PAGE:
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Infection data Why more women than men have gotten Covid-19 during lockdown

nurse

The proportion of women with confirmed Covid-19 cases increased during the lockdown to around 54%.

(Keystone / Pablo Gianinazzi)

Data reveals that more women than men have been infected with Covid-19 since distancing measures started in Switzerland. What’s behind the phenomenon?

When the coronavirus first started spreading throughout Switzerland, men represented a larger share of confirmed cases. The number of women infected started inching upwards to reach an even gender split by the time the lockdown went into effect on March 16.

Covid-19 Men are more susceptible to coronavirus than women

In Switzerland 58% of people hospitalised for coronavirus are men. When it comes to deaths, men are even more affected than women at 60%. 

This content was published on March 31, 2020 11:43 AM

Then, as businesses and much of public life shut down over the weeks that followed, more women than men became infected with Covid-19. There were around 13,800 cases among men (46% of the total) and around 16,500 among women (54% of the total) by mid-May, according to Swiss public health statistics.

A few other countries have seen a similar phenomenon. The German-language Tages-Anzeiger newspaper reportsexternal link that women represent 53% of cases in Italy, 52% in Germany and 57% in both Spain and Sweden.

According to a policy briefexternal link released over the weekend by the Swiss National Covid-19 Science Task Force, one reason is that women are more exposed to the virus because they make up the majority of the healthcare workforce and those who care for the elderly. This also means that they are tested more often.

Women are also more frequently found in jobs such as childcare and sales that cannot be done at home and where they come in direct contact with people. Women also represent the lion’s share of teachers, which could leave them at a higher risk of infection as the country's schools reopen.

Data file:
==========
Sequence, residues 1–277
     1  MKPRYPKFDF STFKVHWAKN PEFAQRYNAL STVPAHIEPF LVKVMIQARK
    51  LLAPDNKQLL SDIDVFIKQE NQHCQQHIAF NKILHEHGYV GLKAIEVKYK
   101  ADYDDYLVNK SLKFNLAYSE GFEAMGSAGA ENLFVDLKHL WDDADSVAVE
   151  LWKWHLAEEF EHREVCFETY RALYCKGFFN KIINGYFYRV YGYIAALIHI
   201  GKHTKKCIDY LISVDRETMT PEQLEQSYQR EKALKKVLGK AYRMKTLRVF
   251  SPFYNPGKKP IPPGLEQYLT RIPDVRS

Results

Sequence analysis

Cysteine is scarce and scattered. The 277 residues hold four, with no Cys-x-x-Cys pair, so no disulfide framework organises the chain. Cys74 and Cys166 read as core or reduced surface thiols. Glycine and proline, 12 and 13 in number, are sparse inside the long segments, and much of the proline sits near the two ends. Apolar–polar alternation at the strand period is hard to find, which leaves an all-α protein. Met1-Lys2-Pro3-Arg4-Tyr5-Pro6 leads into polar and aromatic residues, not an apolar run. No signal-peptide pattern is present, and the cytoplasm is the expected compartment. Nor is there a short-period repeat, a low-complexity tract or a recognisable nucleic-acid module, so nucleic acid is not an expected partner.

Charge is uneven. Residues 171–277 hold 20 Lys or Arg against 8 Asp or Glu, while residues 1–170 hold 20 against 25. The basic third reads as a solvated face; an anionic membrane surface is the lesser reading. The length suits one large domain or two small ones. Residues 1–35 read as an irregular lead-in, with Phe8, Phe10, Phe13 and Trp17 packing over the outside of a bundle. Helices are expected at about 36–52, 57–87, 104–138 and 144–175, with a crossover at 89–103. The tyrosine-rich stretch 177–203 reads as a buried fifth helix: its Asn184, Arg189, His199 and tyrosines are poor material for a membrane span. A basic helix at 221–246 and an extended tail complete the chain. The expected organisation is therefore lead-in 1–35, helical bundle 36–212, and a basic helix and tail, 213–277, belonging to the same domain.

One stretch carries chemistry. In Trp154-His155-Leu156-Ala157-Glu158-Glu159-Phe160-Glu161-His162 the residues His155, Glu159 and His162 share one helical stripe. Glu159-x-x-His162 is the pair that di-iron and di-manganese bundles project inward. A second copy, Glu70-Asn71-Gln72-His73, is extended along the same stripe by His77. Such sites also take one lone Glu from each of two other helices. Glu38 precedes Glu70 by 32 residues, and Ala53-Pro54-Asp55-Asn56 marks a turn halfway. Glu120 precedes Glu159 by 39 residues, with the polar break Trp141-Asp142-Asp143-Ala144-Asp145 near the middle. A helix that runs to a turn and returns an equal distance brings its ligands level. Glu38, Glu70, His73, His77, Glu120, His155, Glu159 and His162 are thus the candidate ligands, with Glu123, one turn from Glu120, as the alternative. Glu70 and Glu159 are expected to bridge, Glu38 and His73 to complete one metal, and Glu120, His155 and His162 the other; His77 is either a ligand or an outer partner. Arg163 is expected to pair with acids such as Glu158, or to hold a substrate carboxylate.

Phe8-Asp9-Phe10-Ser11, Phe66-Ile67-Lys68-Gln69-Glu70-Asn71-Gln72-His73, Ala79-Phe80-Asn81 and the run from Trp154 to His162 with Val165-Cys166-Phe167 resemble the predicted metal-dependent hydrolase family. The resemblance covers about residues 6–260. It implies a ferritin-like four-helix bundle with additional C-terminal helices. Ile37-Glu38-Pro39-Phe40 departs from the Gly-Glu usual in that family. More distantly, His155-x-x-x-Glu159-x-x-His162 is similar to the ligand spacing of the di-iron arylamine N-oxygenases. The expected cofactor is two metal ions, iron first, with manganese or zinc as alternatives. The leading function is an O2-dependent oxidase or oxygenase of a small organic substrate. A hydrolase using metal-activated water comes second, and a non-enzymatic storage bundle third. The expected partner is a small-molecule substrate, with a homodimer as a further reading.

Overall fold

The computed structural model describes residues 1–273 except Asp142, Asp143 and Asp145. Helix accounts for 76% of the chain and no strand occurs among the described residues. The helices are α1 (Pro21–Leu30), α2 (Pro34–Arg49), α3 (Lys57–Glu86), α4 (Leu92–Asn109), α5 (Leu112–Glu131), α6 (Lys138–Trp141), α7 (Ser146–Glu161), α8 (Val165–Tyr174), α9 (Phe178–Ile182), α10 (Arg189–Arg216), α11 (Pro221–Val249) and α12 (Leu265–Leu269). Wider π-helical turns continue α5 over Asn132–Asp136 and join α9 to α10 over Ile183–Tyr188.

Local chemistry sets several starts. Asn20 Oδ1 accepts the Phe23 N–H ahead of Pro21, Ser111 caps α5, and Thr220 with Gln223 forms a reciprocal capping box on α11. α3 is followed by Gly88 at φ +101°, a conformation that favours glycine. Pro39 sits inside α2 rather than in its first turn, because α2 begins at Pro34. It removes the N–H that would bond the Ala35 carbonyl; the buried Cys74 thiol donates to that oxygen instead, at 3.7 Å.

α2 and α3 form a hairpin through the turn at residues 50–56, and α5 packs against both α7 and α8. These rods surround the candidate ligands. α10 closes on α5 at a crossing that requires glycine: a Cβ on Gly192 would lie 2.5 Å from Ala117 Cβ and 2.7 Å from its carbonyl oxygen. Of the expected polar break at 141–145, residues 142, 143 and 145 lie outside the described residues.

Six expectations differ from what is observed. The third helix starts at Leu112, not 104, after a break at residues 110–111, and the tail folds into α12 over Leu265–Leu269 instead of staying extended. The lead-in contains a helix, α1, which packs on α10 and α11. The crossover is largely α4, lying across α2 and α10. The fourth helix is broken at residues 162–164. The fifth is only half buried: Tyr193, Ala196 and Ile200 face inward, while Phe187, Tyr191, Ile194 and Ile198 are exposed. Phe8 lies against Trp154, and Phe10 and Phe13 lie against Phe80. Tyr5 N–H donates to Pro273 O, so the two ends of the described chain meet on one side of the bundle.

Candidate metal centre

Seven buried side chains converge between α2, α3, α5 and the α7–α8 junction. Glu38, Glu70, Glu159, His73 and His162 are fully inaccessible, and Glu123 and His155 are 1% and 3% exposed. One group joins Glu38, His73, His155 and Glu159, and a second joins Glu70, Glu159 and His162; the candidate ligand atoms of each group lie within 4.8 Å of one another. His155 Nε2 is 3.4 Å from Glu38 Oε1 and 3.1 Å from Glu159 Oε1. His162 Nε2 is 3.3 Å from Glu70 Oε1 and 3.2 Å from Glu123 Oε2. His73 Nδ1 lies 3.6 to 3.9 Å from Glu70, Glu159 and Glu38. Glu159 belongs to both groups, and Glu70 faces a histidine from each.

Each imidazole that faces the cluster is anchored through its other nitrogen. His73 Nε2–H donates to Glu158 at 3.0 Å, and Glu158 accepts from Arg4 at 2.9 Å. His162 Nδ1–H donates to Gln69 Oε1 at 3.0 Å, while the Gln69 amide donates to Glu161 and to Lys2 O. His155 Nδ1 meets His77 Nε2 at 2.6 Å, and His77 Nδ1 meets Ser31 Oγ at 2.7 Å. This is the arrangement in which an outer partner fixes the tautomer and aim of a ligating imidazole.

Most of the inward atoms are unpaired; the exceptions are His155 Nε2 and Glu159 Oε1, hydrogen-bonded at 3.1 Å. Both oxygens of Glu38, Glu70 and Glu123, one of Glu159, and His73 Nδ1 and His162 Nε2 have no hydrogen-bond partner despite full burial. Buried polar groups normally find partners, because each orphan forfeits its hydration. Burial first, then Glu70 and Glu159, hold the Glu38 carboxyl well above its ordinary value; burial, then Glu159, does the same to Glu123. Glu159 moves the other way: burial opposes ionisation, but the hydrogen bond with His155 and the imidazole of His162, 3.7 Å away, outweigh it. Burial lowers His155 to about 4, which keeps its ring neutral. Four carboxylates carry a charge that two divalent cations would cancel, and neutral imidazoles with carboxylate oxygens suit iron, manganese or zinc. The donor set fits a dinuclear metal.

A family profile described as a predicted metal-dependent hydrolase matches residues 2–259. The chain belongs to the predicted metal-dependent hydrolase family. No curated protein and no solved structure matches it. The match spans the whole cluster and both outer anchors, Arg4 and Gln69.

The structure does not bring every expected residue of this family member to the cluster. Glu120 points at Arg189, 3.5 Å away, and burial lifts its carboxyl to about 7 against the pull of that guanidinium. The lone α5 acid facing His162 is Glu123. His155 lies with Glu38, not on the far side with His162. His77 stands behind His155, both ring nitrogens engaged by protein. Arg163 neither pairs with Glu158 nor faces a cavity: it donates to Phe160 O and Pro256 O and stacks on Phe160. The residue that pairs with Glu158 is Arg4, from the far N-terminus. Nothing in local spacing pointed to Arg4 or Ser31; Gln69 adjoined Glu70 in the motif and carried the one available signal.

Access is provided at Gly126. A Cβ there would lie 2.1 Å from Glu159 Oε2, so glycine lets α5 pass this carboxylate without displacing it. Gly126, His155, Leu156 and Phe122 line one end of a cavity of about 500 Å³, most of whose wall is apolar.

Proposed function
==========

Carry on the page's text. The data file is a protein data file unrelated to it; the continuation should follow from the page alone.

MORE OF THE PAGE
Share of women infected

graph

The task force notes that women are also more likely to be working in lower-paid jobs, which means they may find it more difficult to demand protective equipment when it isn’t made available. And Helena Trachsel, head of canton Zurich's gender equality unit, noted in the Tages-Anzeiger that the higher number of women in part-time work in Switzerland, the second-highest in Europe, also means that they are more mobile, which could increase exposure.

Catherine Gebhard, a gender medicine specialist at the University of Zurich, told the Tages-Anzeiger that more investigations are underway to understand gender differences in infection rates. At this point, she says that “social differences” appear to play a larger role than “biological ones”.

It is however possible that biology plays a role in how men and women’s immune systems respond to the virus.

Even with higher infection rates, serious illness is more common among men. Women have represented a stable 40-42% of coronavirus-related deaths in Switzerland over the course of the pandemic. Other countries such as China and the US report similar gender differences in death rates.

Death rates

graph

Other gender dimensions

Infection rates are not the only concern according to the task force. As prenatal care and childbirth services have become a lower priority as resources focused on Covid-19, midwives had more difficulty procuring protective equipment and decreased visits.

The crisis has also been linked with a rise in domestic violence, as confinement and economic uncertainties place more stress on couples. 

The task force notes that women are also disproportionately affected economically by the crisis because they are more often in precarious economic situations, spend more time on unpaid work and represent the majority of single-parent households. This means that “their capacity to absorb shocks is weaker than men".

Homeschooling tasks are more likely to fall on mothers than fathers, which in turn reinforces the pressure on women as they try to maintain their careers, the task force said.

At the same time, the group's research shows that new, more equal and less gendered work-home life arrangements are emerging out of the crisis. This includes fathers taking on more parenting duties during confinement.

As the country looks ahead, the crisis may also lead to more openness to flexible work arrangements and teleworking that could have gender equality benefits, researchers said.

The task force has put together a series of recommendations that take into account how the virus and the economic consequences of the lockdown affect men and women differently. The Federal Commission on Women’s Issues is also publishing a series of articlesexternal link on gender-related Covid-aspects, starting with the world of work.

 

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